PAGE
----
Linux holiday gift guide 2015

For that special Linux nerd in your life, here are the best products to shop for this holiday shopping season.

linux holiday gifts 1
Give the gift of Linux

Regardless of which of the various winter holidays you happen to celebrate, one thing remains certain: you’re going to be buying someone a present (possibly even yourself). And you’d really like it to be running Linux. Because you’re awesome. And that’s what awesome people would like. What follows are, what I consider to be, the most fun and/or interesting Linux-powered gadgets that would make awesome gifts this year. In order, from cheapest to… significantly less cheap. Let us begin.

Raspberry Pi 2 reviews holiday deals
Raspberry Pi 2

Let’s address the (super-duper small and cheap) elephant in the room right off the bat – the Raspberry Pi 2. If you know a nerd (any nerd) who doesn’t have one of these, then this is the present to get them. Nobody of sufficient nerdiness would be bummed about getting their first Raspberry Pi. A tiny, low-powered computer that you can connect to your TV and play Minecraft? For 35 bucks? Done.

Pocket C.H.I.P. reviews pre-orders
Pocket C.H.I.P.

While we’re talking about things that are tiny and cheap, I would be remiss if I didn’t mention the Pocket C.H.I.P. Imagine a Raspberry Pi. In the rough shape of a Nintendo Gameboy. With a color touchscreen. And a thumb keyboard. Oh, and it looks like it was built in a mad-scientist’s lab. For $49. The only downside is it’s only in pre-order mode. And, last I heard, we’re looking at sometime after May for shipping.

Amazon Fire 7-inch tablet reviews holiday deals
Amazon's Fire 7-inch

At 99 cents more expensive than the Pocket C.H.I.P. we have Amazon’s 7-inch tablet. Does it have the best screen ever? No. Is it the highest-performance tablet? Definitely not. And it doesn’t run stock Android (which is kind of a pain). But it’s pretty darn good. Especially for 50 bucks. Amazon’s commercials suggest it’s so cheap you’ll probably want to buy one for every room of the house. While I wouldn’t go that far, those commercials were right that this would make a good dedicated bathroom tablet.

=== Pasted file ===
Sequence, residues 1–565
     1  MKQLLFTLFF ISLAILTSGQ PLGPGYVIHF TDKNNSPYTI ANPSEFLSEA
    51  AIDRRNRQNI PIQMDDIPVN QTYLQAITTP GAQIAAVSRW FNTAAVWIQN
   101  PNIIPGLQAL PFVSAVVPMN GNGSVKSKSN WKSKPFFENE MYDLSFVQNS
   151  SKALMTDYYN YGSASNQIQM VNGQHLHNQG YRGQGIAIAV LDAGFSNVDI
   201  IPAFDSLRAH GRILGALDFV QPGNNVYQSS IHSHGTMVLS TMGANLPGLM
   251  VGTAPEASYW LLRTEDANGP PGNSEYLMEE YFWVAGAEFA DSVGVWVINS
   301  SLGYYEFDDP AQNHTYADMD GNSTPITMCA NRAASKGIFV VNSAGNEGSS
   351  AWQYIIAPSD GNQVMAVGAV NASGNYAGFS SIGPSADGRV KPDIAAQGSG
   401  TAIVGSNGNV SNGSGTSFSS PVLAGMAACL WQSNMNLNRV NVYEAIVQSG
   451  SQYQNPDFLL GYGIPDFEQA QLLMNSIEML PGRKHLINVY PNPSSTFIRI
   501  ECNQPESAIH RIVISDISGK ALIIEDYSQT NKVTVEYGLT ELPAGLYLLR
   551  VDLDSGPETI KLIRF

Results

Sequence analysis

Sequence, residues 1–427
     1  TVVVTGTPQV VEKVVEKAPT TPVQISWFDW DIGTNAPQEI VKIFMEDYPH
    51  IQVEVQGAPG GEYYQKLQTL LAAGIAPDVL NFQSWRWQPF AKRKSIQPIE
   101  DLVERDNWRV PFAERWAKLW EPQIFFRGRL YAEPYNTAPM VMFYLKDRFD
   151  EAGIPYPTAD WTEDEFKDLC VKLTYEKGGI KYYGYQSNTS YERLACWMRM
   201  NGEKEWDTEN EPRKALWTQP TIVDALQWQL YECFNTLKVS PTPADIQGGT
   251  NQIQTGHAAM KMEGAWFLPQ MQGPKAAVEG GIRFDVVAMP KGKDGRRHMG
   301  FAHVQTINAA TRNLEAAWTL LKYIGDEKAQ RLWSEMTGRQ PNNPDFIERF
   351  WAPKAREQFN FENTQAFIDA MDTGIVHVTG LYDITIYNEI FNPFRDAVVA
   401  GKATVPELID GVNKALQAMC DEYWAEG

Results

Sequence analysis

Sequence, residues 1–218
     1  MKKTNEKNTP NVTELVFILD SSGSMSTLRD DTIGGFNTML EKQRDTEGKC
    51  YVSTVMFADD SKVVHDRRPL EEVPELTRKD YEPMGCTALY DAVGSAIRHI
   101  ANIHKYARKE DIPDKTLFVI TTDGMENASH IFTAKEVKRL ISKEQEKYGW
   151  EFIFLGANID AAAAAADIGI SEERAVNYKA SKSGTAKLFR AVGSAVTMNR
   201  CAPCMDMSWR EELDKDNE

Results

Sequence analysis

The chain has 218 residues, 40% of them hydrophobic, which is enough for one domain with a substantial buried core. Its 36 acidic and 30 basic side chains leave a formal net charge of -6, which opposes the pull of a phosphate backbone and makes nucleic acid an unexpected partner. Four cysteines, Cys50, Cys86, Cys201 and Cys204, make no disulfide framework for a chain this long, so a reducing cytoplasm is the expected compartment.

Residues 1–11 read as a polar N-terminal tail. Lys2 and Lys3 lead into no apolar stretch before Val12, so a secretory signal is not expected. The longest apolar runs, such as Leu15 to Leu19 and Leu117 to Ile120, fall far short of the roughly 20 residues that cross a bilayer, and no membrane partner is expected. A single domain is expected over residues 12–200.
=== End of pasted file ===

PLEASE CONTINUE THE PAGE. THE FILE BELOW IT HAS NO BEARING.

Mycroft reviews Linux Amazon Echo smart home
Mycroft

The Linux-powered Mycroft is sort of like an adorable, Open Source, upgradeable version of the Amazon Echo. Tell it to play some music – by, you know, just speaking the words – and it does it for you. Pretty cool. Like the Pocket C.H.I.P., it’s currently taking pre-orders, for $154.

Nvidia Shield TV reviews Linux gaming system
Nvidia Shield TV

A $200 set top box, running Android TV, capable of streaming Netflix, HBO, Hulu, and a bunch of other such services. The Nvidia Shield TV comes with a high-quality, wireless gaming controller – turning this into a high-powered Android-based game console.

Google's Nexus 9 tablet reviews holiday deals
Nexus 9 tablet

For a nice, big, pure Android tablet, the Google Nexus 9 is pretty fantastic. Fast. Nice screen. Clocks in at $1 shy of $400. Add another $129 for the magnetic keyboard cover, which turns this 9-inch tablet into a tiny little laptop.

Google Pixel C tablet reviews holiday deals
Pixel C

Clocking in at the exact same price as Google’s Nexus 9 is Google’s soon-to-be-released Pixel C. A 10-inch tablet with a majorly high-res screen and some seriously beefy specs, this one has a $150 keyboard dock (that has full-sized keys) that turn it into even more of a full-fledged laptop than the Nexus 9. Not gonna lie. I want one.

System76 Serval Workstation Linux laptop reviews
System76 Serval Workstation Laptop

People give each other $2,000 laptops… right? Well, they should. Especially ones like these. This laptop is the ultimate in excess. It’s not light. It’s not thin. It has a power brick the size of Chicago. But it’s also decked out with a desktop-class i7 processor, up to 8GB of video RAM (64GB of system RAM), and configurations with up to several TB of hard drive space. This “laptop” would be killer for scientific computing – but, who are we kidding, we’d all just use it to play games. (Oh, and it ships with Ubuntu pre-installed.)